One of the things I struggled with when I was starting to blog was taking photos of my food. To improve food photography for this blog was one of my goals, But my belief then was that there was nothing to beautiful and mouthwatering food photography other than taking photos of food as soon as I finish cooking or baking them, right on the kitchen table, and under the dim lights of the kitchen.
But I was wrong! There are a lot of things to be learned if I wanted to improve food photography and make photos of my food look delicious and appetizing as they really are. So I thought of studying more about this subject because I realized that there must be something the other bloggers are doing for their food photography to stun and make food look really delicious.
In my quest to learn more, I bought this e-book called Tasty Food Photography by Lindsay of Pinch of Yum. I have always admired Pinch of Yum’s food photography and the e-book has made me learn so much. It is the one initial step I took and my photos started to improve ever since.
Although I was using a point and shoot camera during that time, and the book was primarily written for DSLR/SLR camera users, I have seen lots of improvement with the way my photos looked because there’s a section in the book that tackles techniques of taking better food photos using a point and shoot camera or even a cellphone camera.
Eventually, my husband bought me a compact camera called the Olympus E-PM2 which is not a DSLR, but has features that is pretty much like the DSLRS without the heaviness and bulk. I never thought that I can come close to the looks of photos taken by DSLR cameras with just my digital camera, but with the help of Tasty Food Photography eBook, my photos have been accepted to a photography site called Foodgawker and they have been looking a lot better.
Here is a list to sum up the things I put to practice to improve my food photography:
How To Improve Food Photography
Use Natural Light
This a basic and very important tip that will work whatever kind of camera you are using. Natural daylight highlights your food like no other. For me, just follow this tip and your photos will improve a hundred folds. I used to take all my photos in the kitchen after I cook or bake, which means it doesn’t matter to me if it was night time or there was no natural light around, as long as I am done cooking, I will start to take photos.
But I was not aware that I was committing a very serious mistake. Photos shot under natural light look way better than ones that were shot under the kitchen lights especially if it was shot during night time.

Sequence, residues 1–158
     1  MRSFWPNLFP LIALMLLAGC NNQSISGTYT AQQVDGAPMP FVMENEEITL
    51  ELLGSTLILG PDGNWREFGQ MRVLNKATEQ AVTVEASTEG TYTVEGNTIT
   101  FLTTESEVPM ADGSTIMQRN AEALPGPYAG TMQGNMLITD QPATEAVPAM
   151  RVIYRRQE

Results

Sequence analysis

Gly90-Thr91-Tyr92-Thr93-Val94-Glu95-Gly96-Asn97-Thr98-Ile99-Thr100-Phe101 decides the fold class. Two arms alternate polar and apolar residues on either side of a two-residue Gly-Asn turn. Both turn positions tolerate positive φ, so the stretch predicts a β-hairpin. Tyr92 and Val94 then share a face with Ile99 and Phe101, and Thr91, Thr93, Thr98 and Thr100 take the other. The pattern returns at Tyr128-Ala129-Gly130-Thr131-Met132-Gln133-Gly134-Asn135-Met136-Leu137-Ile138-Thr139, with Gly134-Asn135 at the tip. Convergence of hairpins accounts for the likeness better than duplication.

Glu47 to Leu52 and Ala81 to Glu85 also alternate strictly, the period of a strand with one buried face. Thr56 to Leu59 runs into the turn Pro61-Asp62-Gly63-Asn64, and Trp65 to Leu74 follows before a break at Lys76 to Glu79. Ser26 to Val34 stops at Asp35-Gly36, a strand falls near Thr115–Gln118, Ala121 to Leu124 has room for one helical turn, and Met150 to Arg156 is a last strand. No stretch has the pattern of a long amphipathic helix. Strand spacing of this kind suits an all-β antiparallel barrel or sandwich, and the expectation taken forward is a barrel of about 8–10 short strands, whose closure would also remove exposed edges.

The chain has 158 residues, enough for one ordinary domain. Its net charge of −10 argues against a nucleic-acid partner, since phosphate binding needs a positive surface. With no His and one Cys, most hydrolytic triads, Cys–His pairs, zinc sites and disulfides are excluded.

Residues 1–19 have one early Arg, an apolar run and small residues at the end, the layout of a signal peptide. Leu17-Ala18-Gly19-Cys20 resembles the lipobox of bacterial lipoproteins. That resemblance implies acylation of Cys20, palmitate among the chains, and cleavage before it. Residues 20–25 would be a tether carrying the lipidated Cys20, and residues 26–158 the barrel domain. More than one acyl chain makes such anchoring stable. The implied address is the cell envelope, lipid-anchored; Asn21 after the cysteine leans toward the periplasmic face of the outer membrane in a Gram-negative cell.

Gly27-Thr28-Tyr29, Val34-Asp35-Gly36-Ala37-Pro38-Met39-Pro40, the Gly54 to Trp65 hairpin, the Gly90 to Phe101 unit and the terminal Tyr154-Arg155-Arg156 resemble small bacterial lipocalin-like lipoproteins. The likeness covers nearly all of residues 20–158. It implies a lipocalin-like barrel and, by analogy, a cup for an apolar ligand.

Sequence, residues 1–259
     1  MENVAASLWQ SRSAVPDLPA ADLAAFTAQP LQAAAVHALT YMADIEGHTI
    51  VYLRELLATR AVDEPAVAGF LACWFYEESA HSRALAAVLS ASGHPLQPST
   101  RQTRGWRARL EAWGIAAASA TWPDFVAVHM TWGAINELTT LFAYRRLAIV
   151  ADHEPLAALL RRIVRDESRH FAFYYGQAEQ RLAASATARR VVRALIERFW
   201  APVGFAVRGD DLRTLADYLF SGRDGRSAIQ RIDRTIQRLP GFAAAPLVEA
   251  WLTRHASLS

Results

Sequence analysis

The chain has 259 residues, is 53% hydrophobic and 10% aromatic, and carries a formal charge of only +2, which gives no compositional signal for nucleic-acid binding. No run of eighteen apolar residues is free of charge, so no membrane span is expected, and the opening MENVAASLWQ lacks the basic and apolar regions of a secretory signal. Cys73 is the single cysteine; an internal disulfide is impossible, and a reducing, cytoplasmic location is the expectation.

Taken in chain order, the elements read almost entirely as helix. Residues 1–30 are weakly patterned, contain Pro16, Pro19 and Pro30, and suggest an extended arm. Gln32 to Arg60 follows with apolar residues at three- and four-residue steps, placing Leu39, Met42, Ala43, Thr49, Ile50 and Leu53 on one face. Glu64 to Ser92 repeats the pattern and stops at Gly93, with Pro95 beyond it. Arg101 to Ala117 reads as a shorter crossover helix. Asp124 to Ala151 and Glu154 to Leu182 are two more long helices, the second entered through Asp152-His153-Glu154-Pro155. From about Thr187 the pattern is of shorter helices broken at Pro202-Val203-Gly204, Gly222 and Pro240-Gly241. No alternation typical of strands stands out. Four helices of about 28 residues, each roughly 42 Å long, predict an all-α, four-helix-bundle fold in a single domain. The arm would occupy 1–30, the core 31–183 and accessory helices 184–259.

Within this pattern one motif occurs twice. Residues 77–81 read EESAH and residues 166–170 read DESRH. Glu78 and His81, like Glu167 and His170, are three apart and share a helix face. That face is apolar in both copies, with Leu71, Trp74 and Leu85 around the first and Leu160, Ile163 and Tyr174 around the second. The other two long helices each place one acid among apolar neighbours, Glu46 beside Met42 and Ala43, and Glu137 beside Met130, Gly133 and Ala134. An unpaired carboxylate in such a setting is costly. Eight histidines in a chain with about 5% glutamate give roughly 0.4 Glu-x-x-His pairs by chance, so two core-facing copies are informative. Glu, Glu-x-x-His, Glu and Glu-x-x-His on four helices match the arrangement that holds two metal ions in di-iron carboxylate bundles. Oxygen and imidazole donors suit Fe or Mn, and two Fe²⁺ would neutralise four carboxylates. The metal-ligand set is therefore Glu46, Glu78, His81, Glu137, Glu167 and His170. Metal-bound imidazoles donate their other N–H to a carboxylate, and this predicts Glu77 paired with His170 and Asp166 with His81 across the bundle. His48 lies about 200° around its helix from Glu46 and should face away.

In the book, Lindsay illustrates different ways you can use natural daylight to highlight your food. Light can be coming from the left, right , or back. It is amazing how such simple techniques can bring life to the photos.
The photos below were taken using a point and shoot camera. The one on the left was taken at night time, after I finished baking the cake. The one on the right was taken during daytime, with natural light coming from the window from the right. Notice how the photo on the right is so much better just because natural daylight was used to light the food.
And another example, these were also taken with a point and shoot camera. The one on the right was taken with natural daylight while the one on the left was taken at night under the kitchen lights.
So with these two examples, you see that the lights of the house ( kitchen lights) is basically not ideal for using with food photography especially at night time. I think it is safe to say that you must , at all costs, avoid taking photos at night and use natural daylight instead.
Plan the shots
*Plan the time.
After cooking is not necessarily the time you need to start to take photos. If daylight is not available, then you can plan the time to shoot when there is natural light coming through any part of the house. What I do if baking happens at night is I schedule the shooting the next day when there is natural daylight available. If cooking dinner, I usually save enough food for taking photos in the day.
This can be a challenge during gloomy and rainy days, especially if you do food photography for blogging. It can really disrupt your scheduled tasks. I live in Canada, and most part of the year is winter which means days are short and nights are longer. For times like these, I use an artificial daylight set up which is the Lowell Ego lights. It simulates natural daylight so I am not using the lights from our kitchen at night. Although it is not necessary , especially if you only want to occasionally post food photos to social media, this artificial daylight is a good set up to have when the time comes that you want to take your food photography to the next level.
Otherwise, It is best to wait to for natural daylight before you take that shot.
*Plan the set up.
It is also not necessary that the kitchen table or the stove be the only spots where you take food photos. You can get creative and move your set up to other locations where there is natural daylight coming through. For me, this means that sometimes I have to do the set up in the living room where there is a big window. I use a small table that I can move anywhere there is natural light and I arrange the set up there. I also use some boards– pieces of wood panels that I stuck together to form a pretend table. You can make one too. Here is a good tutorial to make photography wood boards.